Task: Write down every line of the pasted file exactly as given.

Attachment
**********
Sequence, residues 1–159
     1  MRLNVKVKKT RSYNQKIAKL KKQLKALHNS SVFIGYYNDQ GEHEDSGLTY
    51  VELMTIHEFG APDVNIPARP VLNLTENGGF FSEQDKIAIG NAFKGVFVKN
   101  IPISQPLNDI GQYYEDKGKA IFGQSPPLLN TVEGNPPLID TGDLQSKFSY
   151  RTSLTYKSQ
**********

Sequence, residues 1–159
     1  MRLNVKVKKT RSYNQKIAKL KKQLKALHNS SVFIGYYNDQ GEHEDSGLTY
    51  VELMTIHEFG APDVNIPARP VLNLTENGGF FSEQDKIAIG NAFKGVFVKN
   101  IPISQPLNDI GQYYEDKGKA IFGQSPPLLN TVEGNPPLID TGDLQSKFSY
   151  RTSLTYKSQ